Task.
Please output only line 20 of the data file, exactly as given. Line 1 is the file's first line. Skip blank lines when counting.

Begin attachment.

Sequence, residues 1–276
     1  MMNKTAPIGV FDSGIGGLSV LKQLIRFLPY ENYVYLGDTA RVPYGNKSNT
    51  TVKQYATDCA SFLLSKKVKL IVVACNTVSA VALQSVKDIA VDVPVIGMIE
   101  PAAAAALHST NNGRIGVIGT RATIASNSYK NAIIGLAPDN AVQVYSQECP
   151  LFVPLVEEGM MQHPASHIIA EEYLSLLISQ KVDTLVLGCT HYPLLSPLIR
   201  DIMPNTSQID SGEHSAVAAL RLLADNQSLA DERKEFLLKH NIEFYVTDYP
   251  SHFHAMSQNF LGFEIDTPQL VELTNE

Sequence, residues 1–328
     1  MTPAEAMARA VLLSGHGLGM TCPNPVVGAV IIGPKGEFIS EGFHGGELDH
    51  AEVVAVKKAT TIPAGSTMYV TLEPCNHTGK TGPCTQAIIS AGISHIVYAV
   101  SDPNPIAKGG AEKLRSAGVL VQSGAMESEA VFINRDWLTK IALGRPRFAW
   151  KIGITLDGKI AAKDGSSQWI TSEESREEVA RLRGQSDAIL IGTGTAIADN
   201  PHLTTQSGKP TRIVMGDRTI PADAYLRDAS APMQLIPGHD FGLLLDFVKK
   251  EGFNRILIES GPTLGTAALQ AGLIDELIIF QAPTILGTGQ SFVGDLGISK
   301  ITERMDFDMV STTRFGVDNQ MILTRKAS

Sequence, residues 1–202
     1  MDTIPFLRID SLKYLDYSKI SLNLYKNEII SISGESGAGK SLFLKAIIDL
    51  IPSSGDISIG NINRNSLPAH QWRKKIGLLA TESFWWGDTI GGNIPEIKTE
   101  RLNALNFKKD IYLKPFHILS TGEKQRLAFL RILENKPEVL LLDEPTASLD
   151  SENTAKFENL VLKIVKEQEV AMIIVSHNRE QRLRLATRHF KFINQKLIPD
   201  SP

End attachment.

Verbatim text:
   151  SENTAKFENL VLKIVKEQEV AMIIVSHNRE QRLRLATRHF KFINQKLIPD